So, why cling on to stuff, why fight over them?
I was amused to note that the Times of India Group has served a legal notice on Arnab Goswami asking him to desist from using his now famous phrase – “the Nation wants to know” – on his TV shows in the future. While the TOI notice made quite a sensation on social media, it left me with several questions. Why do people cling on to stuff? Why do they want to fight over them? Why try to control the actions of other people in contexts that are best left alone?
Please don’t get me wrong. I am not against protecting intellectual property or material wealth or physical property. But a large media group, a behemoth, wanting to restrain a former editor from using a ubiquitous phrase, that had come to be identified with him over the past decade, to me, personally, smacked of a certain lack of spiritual depth.
The truth about our lives is that we came empty-handed and we will leave empty-handed. In this time that we are here, everything that is with us, is given here, is taken from here. And everything that is with us, will be taken away from us. Either when you are alive. Or when you die, it will pass on to someone else. So, spiritual awareness demands that we stop clinging on to stuff. If you are spiritually aware, if you are awakened, you will understand the futility of fighting, of wanting to control, of desiring to possess.
I must confess I was never this way. Life’s experiences have changed me.
To be sure, I was pretty much in the Times of India thinking mold. Everything – and everyone – I reasoned, had to be controlled. And just when I thought I had arrived, by clawing my way through Life, by fighting and winning so many battles, everything I had created or acquired to cobble together my little empire, everything was taken away from me!
The bankruptcy hit us in end-2007. (Read more here: Fall Like A Rose Petal) But it was an episode in 2012 April that made me understand and awaken to the transient nature of Life.
We had long closed down all our offices, including the one in Chennai. We had taken up a small two-bedroom apartment, which primarily served as a holding area for all our files and documentation – that were statutorily required to be maintained. The premises also held our personal collection of over 1500 books, all of them dealing with management, self-help and spirituality, collected over 20 years. But soon, we were unable to meet the rental commitment for this space too. So, in April 2012, we worked on vacating the place. All month we sat, Vaani and I, on the ground, each day, sorting and shredding stuff that we couldn’t shift to our home. Among stuff that wasn’t going to make it with us were those books from the private library. We gave away 1300 of them to a friend who runs a training company in Bangalore. He drove down to pick up them up. I also personally shredded the wall-mountable props of the Vision and Mission statements of our erstwhile Firm. It was catharsis. It was as if I was completing the last rites for our dream child, our Firm that we had found 16 years ago with the Vision of being a global consulting Firm.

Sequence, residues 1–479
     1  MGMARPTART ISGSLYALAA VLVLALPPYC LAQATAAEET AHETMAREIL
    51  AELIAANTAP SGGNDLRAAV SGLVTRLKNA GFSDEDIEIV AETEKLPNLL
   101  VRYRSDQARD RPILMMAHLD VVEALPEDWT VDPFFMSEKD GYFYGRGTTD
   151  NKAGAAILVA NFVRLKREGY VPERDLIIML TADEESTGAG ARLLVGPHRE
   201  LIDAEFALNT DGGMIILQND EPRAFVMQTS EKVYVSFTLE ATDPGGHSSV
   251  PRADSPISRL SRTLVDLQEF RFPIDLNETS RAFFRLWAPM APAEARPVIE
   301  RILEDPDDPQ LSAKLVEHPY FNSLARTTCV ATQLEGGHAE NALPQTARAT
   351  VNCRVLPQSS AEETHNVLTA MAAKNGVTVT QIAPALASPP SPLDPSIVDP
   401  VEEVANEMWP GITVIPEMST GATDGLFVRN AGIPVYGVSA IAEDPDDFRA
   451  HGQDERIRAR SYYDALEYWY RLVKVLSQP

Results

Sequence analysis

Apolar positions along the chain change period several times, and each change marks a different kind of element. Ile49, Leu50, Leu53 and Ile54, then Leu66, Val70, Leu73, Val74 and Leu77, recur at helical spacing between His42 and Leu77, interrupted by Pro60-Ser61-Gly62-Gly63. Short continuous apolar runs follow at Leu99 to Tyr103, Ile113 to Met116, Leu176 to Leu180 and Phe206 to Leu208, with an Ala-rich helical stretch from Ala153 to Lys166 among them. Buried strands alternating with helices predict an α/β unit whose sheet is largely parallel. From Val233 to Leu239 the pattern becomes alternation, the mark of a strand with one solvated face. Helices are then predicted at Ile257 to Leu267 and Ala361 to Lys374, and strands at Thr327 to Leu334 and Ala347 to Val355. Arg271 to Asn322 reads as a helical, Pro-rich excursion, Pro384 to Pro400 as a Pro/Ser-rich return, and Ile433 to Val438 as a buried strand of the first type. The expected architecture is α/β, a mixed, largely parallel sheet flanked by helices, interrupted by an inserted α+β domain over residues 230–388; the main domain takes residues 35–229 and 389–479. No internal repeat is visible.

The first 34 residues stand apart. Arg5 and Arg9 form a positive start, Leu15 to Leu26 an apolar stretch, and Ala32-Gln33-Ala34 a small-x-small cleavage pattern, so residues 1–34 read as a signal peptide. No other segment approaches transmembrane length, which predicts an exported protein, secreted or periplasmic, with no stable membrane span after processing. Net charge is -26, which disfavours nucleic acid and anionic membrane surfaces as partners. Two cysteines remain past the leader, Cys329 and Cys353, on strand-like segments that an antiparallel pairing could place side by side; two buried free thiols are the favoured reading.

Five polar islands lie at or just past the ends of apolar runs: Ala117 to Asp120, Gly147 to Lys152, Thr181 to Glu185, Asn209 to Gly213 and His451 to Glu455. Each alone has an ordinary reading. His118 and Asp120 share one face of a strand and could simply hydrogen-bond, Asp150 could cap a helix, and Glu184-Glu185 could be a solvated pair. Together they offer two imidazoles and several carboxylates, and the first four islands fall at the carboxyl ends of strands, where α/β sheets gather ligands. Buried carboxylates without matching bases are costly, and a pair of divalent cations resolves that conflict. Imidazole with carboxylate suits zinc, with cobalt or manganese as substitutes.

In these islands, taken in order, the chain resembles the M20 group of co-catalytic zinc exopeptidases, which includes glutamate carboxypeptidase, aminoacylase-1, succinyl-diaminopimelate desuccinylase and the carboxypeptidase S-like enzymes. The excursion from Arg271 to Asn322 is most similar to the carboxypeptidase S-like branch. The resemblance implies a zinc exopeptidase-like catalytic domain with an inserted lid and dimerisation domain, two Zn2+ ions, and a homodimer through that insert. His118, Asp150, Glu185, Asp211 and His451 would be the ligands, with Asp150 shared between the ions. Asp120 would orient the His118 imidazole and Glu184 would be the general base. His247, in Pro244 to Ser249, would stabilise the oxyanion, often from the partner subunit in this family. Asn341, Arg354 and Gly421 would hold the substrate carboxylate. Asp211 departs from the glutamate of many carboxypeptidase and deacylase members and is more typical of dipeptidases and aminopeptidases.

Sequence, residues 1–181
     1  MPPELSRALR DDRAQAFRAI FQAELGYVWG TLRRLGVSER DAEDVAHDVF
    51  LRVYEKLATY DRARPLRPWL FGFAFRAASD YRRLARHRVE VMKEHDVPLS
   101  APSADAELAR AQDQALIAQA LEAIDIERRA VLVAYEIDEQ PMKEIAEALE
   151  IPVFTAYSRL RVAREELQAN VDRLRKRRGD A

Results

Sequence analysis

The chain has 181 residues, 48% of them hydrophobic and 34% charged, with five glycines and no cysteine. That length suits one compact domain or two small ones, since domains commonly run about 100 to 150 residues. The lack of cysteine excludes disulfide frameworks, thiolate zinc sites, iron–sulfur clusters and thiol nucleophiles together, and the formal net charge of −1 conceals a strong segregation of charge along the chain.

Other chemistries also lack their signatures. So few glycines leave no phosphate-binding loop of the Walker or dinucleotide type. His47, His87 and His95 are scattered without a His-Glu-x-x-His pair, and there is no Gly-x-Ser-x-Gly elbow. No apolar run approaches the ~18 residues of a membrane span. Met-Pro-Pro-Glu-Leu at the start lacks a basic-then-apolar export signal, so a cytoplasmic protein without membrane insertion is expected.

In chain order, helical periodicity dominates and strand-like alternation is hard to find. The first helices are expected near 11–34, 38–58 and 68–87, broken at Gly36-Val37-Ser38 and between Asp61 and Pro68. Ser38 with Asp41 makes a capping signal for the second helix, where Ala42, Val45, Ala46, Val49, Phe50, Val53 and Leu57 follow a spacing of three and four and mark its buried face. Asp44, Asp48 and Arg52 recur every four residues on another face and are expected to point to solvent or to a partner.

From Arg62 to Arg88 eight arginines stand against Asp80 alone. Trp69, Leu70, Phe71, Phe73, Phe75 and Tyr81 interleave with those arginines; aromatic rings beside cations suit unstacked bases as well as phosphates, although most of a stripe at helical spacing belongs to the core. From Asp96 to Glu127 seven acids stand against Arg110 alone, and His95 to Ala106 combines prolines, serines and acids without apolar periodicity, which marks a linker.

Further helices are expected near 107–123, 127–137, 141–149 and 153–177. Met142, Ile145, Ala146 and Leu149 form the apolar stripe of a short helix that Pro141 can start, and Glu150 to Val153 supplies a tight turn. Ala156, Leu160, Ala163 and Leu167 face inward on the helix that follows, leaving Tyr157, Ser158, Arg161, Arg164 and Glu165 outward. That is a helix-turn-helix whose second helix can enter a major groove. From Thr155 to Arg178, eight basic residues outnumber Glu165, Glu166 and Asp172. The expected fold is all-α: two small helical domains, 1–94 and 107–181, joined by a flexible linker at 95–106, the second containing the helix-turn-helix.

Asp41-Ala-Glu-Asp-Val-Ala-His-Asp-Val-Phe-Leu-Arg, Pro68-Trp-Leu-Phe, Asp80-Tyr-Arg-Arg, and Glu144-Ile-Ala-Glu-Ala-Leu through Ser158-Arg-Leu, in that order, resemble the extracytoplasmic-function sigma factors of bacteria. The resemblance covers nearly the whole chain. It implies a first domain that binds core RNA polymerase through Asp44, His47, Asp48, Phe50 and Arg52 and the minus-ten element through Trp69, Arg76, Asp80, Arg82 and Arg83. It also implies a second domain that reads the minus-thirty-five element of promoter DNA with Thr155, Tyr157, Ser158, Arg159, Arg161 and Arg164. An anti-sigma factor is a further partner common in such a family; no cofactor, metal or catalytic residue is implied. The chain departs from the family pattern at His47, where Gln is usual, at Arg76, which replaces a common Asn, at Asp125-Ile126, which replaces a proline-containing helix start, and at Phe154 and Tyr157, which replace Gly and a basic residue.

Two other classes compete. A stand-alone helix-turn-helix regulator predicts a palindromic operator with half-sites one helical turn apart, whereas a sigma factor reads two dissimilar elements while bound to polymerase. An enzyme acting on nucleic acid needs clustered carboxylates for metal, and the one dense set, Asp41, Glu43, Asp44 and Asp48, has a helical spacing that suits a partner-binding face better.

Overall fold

That night, over a drink, I cried. Literally and figuratively, I was presiding over the ruins of an empire that once was. And now there was nothing. As I soaked in the futility of my grief, I made peace with myself. I understood that Life is not only about dreaming, striving, achieving, owning and controlling. Life is also about losing – what you have owned, what you have created – and about not getting what you want. It was a magical moment of awakening.
Ever since, I have found myself getting better dealing with denials, rejections and loss. So, while I still believe you must take adequate measures, living in a real world as we all do, to protect what is rightfully yours, you must avoid this urge to want to control, to fight and to possess stuff – things, people, opinions – and claim them as your own. Such a struggle will only take you away from living in the moment, from being happy. And, besides, without a shred of doubt it can be said that nothing, absolutely nothing, is going with you!
Revisit the past – only if you must; more to see how far you have come and never to brood over what could have been.
Today is special for two reasons – it marks 20 years of entrepreneurship for Vaani and me; and it is also the second anniversary of my Book Fall Like A Rose Petal’s (Westland) launch.
It was on August 1, 1996, that Vaani and I set up imagequity+, Asia’s first Reputation Management Company, in our small apartment on Second Main Road, R.A.Puram, near the Kaliappa Hospitals (now Billroth) in Chennai. We set it up with all our love, passion and vigor – in the 50th year of Indian Independence even as Rahman’s Vande Mataram tugged at our heart strings – to be the consulting Firm from India for the world. We grew fast and grew well in the first 5~7 years of our existence. And then we made mistakes. Strategic ones. That changed the course our Firm – and our lives – took, forever.
It is almost 9 years since that Firm went bankrupt. I remember how, four years ago, I sat on the ground in a makeshift office (where we had moved, unable to sustain operating costs following our business going bust), and personally shredded display boards and signages of the Firm’s Purpose, Vision and Values. In the journey of the last 20 years as an entrepreneur, that was the most numbing moment for me personally. I was literally, and figuratively, presiding over the funeral of a Firm that we had birthed with Purpose, with Vision and with integrity. Even so, despite the catharsis, we feel no bitterness in us. Yes, there is great pain – owing to the physical demands that a bankruptcy places on your Life – cashlessness, worklessness, cluelessness and lightlessness in a dark, seemingly endless, tunnel. But there is no aftertaste – no regret, no heartache, no sense of loss, grief or suffering.
I believe our non-suffering state has been achieved by treating this period of material loss and acute physical strain, as one of awakening and evolving. And this is the spirit of my Book as well. I wrote it through the darkest phase of our Life. I wrote it because I first wanted to share with my children how you journey through Life, how you flow with Life, as it happens. At their insistence I took an edited manuscript to Westland’s Gautam Padmanabhan who put it to review and vote with his editorial board. Karthik Venkatesh, a key member of that board, gave me infinite support and direction as we prepared, over the summer of that year, to release it on August 1, 2014.